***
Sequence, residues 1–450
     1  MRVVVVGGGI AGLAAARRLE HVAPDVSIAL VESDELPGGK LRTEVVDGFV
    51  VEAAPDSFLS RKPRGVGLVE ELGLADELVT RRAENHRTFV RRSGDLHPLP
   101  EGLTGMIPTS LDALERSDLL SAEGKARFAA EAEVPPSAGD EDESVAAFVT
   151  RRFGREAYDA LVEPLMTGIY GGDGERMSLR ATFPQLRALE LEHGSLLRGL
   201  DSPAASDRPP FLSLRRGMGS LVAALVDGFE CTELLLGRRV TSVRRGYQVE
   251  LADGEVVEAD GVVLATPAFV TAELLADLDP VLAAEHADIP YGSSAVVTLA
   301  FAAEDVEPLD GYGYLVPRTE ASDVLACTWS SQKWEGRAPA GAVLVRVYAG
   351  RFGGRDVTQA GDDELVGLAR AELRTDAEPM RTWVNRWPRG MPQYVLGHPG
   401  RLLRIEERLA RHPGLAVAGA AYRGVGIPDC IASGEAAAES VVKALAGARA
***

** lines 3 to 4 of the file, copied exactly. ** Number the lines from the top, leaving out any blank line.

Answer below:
    51  VEAAPDSFLS RKPRGVGLVE ELGLADELVT RRAENHRTFV RRSGDLHPLP
   101  EGLTGMIPTS LDALERSDLL SAEGKARFAA EAEVPPSAGD EDESVAAFVT